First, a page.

Clinical trials are only a small part of the research that goes into developing a new treatment. Potential drugs, for example, first have to be discovered, purified, characterized, and tested in labs (in cell and animal studies) before ever undergoing clinical trials. In all, about 1,000 potential drugs are tested before just one reaches the point of being tested in a clinical trial. For example, a new cancer drug has, on average, six years of research behind it before it even makes it to clinical trials. But the major holdup in making new cancer drugs available is the time it takes to complete clinical trials themselves. On average, about eight years pass from the time a cancer drug enters clinical trials until it receives approval from regulatory agencies for sale to the public. Drugs for other diseases have similar timelines.
Some reasons a clinical trial might last several years:
- For chronic conditions such as cancer, it takes months, if not years, to see if a cancer treatment has an effect on a patient.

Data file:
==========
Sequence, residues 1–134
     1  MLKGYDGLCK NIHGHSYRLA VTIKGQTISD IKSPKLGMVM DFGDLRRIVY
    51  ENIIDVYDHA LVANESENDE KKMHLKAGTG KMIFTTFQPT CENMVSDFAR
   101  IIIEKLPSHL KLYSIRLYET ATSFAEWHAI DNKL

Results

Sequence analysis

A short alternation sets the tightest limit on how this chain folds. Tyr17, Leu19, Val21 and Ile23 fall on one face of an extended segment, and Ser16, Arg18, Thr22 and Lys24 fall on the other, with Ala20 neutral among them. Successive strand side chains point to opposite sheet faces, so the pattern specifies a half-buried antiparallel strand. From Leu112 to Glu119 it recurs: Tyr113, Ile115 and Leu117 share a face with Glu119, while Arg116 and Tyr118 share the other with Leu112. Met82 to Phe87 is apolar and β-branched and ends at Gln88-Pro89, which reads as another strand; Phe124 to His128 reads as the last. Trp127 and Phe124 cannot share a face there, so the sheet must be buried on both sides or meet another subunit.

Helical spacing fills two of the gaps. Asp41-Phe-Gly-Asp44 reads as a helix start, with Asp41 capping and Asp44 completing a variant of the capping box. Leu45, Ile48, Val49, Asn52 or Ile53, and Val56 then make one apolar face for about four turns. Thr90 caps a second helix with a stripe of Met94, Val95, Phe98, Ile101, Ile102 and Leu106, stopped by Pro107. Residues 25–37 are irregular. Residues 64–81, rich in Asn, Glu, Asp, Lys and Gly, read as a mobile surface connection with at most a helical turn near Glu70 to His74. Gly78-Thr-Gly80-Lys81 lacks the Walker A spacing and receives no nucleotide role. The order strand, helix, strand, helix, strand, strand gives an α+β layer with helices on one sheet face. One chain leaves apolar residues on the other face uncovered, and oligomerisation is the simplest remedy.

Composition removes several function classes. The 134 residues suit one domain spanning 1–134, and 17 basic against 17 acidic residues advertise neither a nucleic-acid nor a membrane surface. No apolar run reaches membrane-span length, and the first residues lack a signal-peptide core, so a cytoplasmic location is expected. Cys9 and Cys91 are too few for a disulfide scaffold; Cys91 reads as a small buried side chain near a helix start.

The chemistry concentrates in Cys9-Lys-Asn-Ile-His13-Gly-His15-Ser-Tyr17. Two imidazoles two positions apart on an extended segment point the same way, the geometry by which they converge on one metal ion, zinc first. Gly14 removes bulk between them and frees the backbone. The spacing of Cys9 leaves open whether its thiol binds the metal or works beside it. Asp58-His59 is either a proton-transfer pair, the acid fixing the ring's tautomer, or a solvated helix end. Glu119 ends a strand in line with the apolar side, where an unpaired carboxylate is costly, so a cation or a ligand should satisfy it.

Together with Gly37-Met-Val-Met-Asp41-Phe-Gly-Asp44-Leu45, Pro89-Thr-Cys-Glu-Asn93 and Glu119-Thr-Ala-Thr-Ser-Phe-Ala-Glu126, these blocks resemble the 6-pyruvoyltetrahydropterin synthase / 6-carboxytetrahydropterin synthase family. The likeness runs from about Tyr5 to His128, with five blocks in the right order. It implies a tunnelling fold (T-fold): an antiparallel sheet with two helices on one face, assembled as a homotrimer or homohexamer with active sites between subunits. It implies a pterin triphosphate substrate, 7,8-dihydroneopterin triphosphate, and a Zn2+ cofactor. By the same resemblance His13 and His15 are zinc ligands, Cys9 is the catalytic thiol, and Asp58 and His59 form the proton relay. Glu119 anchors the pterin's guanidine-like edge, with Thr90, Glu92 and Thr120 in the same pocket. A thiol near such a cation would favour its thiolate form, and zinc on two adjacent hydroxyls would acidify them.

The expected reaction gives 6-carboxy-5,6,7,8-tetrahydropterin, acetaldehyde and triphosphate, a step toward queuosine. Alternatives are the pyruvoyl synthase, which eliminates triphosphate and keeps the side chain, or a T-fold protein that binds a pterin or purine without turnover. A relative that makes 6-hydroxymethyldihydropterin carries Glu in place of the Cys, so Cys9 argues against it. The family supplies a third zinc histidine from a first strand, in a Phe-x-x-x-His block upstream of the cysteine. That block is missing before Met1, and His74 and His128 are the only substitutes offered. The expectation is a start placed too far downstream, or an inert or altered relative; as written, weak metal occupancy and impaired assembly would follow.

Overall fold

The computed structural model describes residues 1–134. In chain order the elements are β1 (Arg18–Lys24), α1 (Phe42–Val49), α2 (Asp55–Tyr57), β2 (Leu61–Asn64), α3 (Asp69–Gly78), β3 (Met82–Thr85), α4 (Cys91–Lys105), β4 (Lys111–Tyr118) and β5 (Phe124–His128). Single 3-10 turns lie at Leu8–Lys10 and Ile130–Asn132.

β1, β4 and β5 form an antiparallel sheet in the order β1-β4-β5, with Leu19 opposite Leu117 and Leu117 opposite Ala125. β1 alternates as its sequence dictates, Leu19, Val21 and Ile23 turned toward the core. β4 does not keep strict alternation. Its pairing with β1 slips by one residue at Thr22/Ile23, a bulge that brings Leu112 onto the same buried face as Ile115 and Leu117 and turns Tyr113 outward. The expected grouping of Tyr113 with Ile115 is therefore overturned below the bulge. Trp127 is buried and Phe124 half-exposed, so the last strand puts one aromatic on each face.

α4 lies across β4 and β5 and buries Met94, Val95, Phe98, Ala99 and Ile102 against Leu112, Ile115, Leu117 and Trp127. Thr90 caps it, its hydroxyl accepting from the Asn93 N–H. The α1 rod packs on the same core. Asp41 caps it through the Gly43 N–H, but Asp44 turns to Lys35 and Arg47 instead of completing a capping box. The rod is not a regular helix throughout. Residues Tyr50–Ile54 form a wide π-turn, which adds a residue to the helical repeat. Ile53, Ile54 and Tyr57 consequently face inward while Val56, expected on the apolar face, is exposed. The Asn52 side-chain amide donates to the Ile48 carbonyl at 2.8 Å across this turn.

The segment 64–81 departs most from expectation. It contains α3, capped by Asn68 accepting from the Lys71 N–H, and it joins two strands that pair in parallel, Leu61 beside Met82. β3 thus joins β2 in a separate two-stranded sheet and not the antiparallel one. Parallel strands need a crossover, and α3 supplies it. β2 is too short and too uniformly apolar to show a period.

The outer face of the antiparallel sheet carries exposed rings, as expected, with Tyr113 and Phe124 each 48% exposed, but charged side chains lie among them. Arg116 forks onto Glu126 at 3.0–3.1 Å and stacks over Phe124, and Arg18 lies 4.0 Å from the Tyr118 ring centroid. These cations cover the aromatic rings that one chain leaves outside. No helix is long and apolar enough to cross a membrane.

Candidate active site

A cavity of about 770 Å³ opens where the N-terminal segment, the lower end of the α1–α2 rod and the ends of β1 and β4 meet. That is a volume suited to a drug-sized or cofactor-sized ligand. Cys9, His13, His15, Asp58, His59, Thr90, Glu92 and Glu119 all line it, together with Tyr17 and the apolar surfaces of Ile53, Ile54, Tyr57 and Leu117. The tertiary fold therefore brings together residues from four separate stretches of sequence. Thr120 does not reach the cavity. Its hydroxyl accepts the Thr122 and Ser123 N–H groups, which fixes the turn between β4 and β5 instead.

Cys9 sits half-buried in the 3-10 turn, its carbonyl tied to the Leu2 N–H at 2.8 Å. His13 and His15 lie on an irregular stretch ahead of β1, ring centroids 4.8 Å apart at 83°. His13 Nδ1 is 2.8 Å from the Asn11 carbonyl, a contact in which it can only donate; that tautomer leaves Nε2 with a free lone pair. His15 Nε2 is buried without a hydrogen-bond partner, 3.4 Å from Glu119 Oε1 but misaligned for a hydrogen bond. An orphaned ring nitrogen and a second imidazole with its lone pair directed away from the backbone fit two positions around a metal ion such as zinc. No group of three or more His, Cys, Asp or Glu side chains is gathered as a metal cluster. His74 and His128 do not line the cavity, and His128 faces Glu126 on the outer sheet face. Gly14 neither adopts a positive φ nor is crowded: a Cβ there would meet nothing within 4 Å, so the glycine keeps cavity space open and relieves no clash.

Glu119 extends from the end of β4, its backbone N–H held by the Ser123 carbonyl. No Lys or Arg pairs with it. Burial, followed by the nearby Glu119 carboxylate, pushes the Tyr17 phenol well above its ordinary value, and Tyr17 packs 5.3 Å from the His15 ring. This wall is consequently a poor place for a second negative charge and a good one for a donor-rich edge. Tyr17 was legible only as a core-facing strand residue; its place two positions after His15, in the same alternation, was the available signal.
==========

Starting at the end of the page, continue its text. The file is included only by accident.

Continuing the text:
- For drugs that are not expected to have a strong effect (meaning a large number of patients must be recruited to observe 'any' effect), recruiting enough patients to test the drug's effectiveness (i.e., getting statistical power) can take several years.
- Only certain people who have the target disease condition are eligible to take part in each clinical trial. Researchers who treat these particular patients must participate in the trial. Then they must identify the desirable patients and obtain consent from them or their families to take part in the trial.
The biggest barrier to completing studies is the shortage of people who take part. All drug and many device trials target a subset of the population, meaning not everyone can participate. Some drug trials require patients to have unusual combinations of disease characteristics. It is a challenge to find the appropriate patients and obtain their consent, especially when they may receive no direct benefit (because they are not paid, the study drug is not yet proven to work, or the patient may receive a placebo). In the case of cancer patients, fewer than 5% of adults with cancer will participate in drug trials. According to the Pharmaceutical Research and Manufacturers of America (PhRMA), about 400 cancer medicines were being tested in clinical trials in 2005. Not all of these will prove to be useful, but those that are may be delayed in getting approved because the number of participants is so low.